Science fiction and fantasy
Harry Potter and the Deathly Hallows
by J. K. Rowling
In addition Harry, Ron and Hermione are each left an apparently useless object in a will. It's yet another trail of clues, as if events weren't mysterious enough. Harry is left without guidance, frustrated that Dumbledore didn't see fit to let Harry in on his secrets. With Rita Skeeter publishing a damning book about Dumbledore's early life, Harry's confidence in the old wizard is shaken and he is beginning to think that he hardly knew his former headmaster at all.
The body count in The Deathly Hallows is high, with quite a lot of minor characters meeting their ends. This book has come a long way from the relatively safe atmosphere of Harry Potter and the Philosopher's Stone, where the good guys finished first and who won the Quidditch and the House Cup really mattered. The Deathly Hallows is the final episode in a series that has grown up with its readers, and it's a grittier book aimed at a more mature audience. The Death Eaters are fascists by another name, and the way they spread fear and insist on pure bloodlines will be familiar to anyone who has studied the build up to the Second World War.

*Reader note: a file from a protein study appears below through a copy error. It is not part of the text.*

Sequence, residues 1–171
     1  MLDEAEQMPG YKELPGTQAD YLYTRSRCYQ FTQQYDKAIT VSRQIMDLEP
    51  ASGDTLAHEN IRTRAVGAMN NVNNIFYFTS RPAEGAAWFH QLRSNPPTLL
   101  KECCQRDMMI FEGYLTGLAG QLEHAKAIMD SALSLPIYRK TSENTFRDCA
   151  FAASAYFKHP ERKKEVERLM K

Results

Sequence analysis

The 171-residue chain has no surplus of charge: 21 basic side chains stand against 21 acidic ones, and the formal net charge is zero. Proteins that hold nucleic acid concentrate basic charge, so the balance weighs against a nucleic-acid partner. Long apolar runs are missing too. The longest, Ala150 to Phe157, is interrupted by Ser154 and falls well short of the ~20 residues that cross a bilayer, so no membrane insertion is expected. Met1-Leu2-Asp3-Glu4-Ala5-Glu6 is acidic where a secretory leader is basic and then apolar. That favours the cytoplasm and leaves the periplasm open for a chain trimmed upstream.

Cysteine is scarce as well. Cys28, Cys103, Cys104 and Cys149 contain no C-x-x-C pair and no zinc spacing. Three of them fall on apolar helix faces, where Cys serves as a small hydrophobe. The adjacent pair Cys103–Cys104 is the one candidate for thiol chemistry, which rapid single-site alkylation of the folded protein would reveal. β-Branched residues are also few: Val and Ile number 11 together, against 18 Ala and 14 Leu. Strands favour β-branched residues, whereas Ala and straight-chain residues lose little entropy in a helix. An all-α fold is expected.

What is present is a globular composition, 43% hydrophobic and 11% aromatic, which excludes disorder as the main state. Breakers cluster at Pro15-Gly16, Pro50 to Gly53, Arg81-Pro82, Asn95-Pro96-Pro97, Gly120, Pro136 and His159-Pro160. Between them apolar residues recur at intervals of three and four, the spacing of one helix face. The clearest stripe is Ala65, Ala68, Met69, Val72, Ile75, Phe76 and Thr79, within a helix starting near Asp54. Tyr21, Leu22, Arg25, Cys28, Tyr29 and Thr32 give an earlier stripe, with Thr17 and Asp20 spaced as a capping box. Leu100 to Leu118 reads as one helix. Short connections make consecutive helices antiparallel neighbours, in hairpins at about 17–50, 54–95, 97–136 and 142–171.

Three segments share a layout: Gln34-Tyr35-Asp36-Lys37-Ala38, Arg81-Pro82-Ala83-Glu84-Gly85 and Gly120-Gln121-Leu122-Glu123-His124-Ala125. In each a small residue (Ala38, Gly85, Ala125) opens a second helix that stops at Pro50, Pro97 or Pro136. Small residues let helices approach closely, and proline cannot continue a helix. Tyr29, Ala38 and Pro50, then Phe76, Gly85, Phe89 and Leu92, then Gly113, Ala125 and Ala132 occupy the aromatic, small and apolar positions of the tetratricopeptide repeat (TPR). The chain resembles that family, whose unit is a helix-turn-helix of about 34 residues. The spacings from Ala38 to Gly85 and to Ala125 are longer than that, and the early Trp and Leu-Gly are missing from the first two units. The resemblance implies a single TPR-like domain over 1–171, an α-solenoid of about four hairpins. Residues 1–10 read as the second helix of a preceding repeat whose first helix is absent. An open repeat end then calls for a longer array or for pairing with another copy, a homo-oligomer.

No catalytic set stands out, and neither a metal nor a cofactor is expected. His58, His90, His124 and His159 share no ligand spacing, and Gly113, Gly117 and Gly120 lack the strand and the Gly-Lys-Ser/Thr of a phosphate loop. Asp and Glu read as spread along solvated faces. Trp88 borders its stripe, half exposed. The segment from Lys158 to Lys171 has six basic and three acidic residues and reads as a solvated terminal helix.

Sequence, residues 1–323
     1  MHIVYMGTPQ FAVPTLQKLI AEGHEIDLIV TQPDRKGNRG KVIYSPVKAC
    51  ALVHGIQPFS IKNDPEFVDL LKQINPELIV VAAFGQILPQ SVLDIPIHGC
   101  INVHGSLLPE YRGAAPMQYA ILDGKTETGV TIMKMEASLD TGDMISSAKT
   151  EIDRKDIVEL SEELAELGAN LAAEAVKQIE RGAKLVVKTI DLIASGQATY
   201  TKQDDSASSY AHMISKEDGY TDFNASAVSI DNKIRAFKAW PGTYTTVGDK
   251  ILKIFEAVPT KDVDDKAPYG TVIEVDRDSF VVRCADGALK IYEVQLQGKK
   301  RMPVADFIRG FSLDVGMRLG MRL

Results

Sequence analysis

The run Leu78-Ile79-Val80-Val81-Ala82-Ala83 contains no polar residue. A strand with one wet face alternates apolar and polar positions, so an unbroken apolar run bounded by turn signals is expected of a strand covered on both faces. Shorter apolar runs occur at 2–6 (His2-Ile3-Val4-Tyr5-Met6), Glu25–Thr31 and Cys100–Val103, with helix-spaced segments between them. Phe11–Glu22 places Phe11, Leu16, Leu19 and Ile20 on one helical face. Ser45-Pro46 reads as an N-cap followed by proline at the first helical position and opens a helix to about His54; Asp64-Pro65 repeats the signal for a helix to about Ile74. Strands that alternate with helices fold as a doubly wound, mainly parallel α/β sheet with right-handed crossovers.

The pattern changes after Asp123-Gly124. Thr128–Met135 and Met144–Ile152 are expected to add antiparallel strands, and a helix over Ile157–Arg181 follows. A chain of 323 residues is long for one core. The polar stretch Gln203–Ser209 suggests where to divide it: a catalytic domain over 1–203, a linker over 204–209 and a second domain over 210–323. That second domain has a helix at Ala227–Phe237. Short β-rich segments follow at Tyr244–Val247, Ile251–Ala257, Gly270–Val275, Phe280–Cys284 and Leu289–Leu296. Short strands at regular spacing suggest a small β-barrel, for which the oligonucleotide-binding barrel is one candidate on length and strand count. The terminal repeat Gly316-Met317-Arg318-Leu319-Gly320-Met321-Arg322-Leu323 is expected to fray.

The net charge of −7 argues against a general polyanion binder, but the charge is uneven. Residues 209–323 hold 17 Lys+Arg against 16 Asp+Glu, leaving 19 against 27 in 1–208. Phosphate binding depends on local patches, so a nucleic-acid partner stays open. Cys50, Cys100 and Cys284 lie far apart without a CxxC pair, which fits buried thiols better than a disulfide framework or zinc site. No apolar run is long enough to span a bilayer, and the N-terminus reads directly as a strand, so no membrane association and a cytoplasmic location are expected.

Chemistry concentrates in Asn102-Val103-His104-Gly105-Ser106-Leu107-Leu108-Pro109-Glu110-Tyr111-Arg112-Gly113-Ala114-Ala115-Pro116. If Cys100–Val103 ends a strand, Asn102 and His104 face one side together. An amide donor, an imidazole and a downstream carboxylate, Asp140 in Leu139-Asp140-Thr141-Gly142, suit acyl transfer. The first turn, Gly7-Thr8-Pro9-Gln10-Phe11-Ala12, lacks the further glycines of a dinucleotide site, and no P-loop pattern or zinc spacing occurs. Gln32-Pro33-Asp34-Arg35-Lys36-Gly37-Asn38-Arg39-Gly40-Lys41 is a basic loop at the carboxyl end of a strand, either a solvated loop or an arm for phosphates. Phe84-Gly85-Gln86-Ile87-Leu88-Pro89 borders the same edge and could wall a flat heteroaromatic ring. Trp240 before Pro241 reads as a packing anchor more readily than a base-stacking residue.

J. K. Rowling is a consummate storyteller, and this is the sort of book you can read from dusk until dawn. You can't say it lacks pace. Rowling hasn't shied away from bringing us a big, spectacular ending. There's heroism, sacrifice and acts of bravery from those you expect it from, and those you don't. It's an ending that turns on all the waterworks, answers all the questions, and is a deeply satisfying conclusion to a landmark fantasy series.
If you like this, try:Harry Potter and the Deathly Hallows Part 2 by David Yates
Will Harry survive his confrontation against Voldemort in the final part of his magical adventures?
Harry Potter and the Deathly Hallows: Part 1 by David Yates
Harry Potter takes time out to go camping whilst Voldemort tortures his plastic surgeon.
Harry Potter and the Half-Blood Prince by David Yates
Can Harry do anything to prevent Voldemort from taking over the world of wizards in his sixth year at Hogwarts?
Review © Ros Jackson
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